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15 Mar 2021. by Essi Koskela. Our selection for book club this time was Too loud a solitude by Bohumil Hrabal, a mere 100 pages of quotable digression aimed to baffle the reader. This sentence from the book perhaps describes the best how Hrabal’s book should be read, “I pop a beautiful sentence into my mouth and suck it like a fruit drop, or I sip it like a liqueur until the thought dissolves in me like alcohol, infusing brain and heart and coursing on through the veins to the root of each blood vessel.” (more…)
Are you up for a good discussion with a group of friendly book-lovers?
Would you like to expand your reading horizons by reading a book you may not have chosen yourself?
Do you want to spend a relaxed evening chatting about a book, and often many other life topics, with a cup of tea, coffee or perhaps glass of wine in your hand?
Join tíc’s Book Club where we meet up approximately once every 6 weeks to discuss the latest book pick by the group.
16 Feb 2021. by Estela Highet. I wish we could have had more time to discuss this very interesting book, it has plenty of different topics and they are very related to what the world has been going through lately.
World of Women
Feminism, racism, cultural differences, sex and many more topics in one single book. All this through the million characters and therefore million stories to be told from each of them – which also made it a bit difficult to read. The principal characters were (only) 11 black women and one non-binary living in the UK.
On Monday, we will be meeting for our next book club; a gathering that sometimes has intense debates, but is always a lot of fun. For #FlashBackFriday, let’s take a look at a book club review from 2019.
3 Sept 2019. by Anne van Oorschot. Our first gathering of the Book Club took place on September 4th – very early in the club year and prior to the tíc Welcome Event. That may explain why we were quite a small group, including 1 brand new member. We had all read the book – not hard since we’d had the entire summer and it was quite a short story.
As a young man and a prisoner of war, Kurt Vonnegut witnessed the 1945 US fire-bombing of Dresden in Germany, which reduced the once beautiful city to rubble and claimed the lives of thousands of its citizens. This atrocious act was a recurring theme in the book, and more horrific details of the bombing aftermath come out as the story progressed. (more…)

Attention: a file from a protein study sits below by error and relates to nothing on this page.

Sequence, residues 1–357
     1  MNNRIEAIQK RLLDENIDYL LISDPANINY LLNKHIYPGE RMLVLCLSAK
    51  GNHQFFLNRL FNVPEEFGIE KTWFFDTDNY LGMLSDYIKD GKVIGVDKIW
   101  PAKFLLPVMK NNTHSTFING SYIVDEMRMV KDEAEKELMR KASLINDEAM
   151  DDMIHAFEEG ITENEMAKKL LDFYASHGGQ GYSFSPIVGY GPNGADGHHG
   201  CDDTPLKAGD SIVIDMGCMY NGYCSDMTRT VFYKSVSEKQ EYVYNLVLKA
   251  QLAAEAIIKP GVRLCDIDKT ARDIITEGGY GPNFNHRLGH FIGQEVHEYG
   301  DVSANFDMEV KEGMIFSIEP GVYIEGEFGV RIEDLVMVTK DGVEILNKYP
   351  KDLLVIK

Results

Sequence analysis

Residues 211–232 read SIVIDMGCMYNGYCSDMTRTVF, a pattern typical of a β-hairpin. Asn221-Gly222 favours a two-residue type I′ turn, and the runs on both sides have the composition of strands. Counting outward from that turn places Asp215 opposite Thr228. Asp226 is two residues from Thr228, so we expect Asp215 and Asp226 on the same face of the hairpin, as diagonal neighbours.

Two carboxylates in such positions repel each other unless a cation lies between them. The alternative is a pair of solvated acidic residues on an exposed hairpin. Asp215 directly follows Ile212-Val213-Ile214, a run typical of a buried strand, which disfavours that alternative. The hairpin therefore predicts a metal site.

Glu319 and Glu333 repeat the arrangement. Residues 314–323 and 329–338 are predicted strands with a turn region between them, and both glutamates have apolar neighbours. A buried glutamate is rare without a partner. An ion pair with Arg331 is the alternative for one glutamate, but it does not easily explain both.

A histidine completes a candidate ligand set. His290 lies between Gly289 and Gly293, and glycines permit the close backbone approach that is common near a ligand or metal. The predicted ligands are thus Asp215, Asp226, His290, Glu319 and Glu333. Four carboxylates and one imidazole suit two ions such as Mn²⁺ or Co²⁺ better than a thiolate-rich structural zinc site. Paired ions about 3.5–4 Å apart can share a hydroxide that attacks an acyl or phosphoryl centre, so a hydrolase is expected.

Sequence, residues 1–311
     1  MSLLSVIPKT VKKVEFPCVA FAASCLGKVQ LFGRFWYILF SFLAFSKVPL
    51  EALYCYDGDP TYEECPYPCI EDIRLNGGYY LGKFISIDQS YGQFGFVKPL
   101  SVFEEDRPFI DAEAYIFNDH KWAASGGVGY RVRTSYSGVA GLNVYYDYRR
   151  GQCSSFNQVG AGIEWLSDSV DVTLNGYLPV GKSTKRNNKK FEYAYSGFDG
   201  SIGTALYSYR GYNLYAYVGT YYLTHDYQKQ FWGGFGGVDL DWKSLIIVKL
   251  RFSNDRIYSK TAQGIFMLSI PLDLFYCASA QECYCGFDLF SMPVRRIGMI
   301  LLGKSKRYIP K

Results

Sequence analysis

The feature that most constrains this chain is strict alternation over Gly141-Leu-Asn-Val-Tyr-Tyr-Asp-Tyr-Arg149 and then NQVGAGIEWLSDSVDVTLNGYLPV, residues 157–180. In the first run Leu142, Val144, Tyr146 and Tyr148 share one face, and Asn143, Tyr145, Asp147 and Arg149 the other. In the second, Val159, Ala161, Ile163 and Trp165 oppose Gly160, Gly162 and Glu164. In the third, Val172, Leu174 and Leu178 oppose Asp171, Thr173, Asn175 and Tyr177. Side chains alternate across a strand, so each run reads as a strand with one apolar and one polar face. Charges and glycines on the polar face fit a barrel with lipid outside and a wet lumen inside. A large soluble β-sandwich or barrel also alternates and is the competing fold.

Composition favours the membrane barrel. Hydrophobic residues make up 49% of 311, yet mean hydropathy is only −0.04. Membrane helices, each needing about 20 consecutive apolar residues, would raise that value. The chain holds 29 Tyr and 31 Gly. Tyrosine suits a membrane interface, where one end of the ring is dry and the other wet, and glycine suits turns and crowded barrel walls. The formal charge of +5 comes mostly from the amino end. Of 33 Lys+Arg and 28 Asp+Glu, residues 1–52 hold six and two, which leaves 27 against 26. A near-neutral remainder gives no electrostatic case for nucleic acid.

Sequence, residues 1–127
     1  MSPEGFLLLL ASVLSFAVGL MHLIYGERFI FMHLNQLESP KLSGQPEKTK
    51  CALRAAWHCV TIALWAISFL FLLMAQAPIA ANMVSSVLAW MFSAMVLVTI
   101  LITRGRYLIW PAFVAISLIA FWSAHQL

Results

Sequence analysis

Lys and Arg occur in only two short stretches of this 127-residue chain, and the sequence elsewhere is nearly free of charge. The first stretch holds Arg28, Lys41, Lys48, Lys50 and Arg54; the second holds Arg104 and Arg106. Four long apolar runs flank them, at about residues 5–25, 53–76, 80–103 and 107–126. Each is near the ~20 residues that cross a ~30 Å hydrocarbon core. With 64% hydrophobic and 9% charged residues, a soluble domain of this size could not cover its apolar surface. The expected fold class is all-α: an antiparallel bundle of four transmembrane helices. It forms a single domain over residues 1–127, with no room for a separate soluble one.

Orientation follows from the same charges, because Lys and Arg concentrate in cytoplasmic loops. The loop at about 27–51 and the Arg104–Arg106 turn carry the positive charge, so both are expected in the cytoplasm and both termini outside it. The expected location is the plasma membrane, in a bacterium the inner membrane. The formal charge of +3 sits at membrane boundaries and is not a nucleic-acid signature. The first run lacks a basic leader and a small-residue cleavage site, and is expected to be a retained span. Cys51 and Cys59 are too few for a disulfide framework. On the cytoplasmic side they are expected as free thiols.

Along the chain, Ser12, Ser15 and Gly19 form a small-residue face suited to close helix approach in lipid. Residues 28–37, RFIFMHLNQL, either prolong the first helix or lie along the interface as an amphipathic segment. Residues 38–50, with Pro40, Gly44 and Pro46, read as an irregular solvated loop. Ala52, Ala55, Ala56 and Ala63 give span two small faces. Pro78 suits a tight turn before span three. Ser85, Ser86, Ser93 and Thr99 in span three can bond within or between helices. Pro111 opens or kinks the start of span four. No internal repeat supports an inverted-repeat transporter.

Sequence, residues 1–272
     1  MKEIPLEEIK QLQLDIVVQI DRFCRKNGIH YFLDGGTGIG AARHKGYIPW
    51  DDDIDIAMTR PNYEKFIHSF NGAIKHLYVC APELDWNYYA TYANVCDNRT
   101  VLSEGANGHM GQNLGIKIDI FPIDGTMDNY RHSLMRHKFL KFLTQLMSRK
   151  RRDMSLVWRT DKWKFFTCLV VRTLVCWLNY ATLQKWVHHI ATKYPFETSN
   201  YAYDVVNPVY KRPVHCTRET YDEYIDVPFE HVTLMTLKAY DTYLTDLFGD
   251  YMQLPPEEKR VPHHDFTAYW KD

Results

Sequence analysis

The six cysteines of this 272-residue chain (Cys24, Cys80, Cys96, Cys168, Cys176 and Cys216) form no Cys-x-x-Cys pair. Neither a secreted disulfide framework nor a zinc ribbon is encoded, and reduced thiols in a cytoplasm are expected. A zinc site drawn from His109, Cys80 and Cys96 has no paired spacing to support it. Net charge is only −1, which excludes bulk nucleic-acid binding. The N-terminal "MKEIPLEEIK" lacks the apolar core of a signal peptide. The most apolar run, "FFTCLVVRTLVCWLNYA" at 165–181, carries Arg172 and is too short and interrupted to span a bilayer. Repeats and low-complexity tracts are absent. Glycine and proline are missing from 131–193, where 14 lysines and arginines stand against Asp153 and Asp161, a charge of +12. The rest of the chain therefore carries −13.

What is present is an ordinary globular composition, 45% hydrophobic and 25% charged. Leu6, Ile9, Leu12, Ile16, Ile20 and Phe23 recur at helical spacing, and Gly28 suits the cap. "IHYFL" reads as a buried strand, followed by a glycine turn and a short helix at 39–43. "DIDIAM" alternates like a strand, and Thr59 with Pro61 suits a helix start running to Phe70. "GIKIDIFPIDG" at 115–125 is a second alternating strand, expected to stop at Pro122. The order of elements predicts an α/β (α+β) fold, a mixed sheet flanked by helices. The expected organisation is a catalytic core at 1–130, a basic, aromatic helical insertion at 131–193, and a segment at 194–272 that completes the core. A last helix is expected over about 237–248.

Next week we will be meeting (virtually) for our next book club; a gathering that sometimes has intense debates, but is always a lot of fun. For #ThrowbackThursday, let’s take a look at a book club review from 2019.
13 Feb 2019. by Anne van Oorschot Even though the weather outside was cold, the atmosphere at Book Club was warm and friendly. We were welcomed into the beautiful home of one of our members and offered warm drinks and tasty Valentine treats!
We had a lively discussion of Maybe Tomorrow by Boori Monty Pryor and Meme McDonald and compared its descriptions of the Australian Aboriginal’s plight to the discriminated minorities in other countries. While many shocking things were done to Australia’s indigenous population in the past, harder to understand are the many injustices and predjudices they still face. A good book, but hard to think it portrays a positive future…
In Boori Monty Pryor’s words, “The other day this little one asked me, ‘When did you start being an Aborigine, and how old were you when you started that?’ Like it was a career path or something. I just cracked up laughing.”
Pryor’s career path has taken him from the Aboriginal fringe camps of his birth to the catwalk, the basketball court, the DJ console, and now to performance and story-telling around the country. ‘You’ve got to try and play the whiteman’s game and stay black while you’re doing it,’ his brother used to tell him. (more…)
11 Jan 2021. by Yolanda van Riel. Our book club met virtually to discuss our latest read – To Kill a Mockingbird by Harper Lee.
As we began the discussion of a book that most of us had as required reading in our youth, we noted that our perception of the book as well as our perspectives had evolved. Since we were reading for pleasure and not for a grade, we found that we truly enjoyed the book even though some of the images and passages were quite disturbing.
The book was full of “southernisms” and local dialect that made it a bit more difficult for some of our members to grasp the full intention of parts of the dialogue. This book is considered a classic but still felt relevant in its powerful descriptions of race, class and gender bias.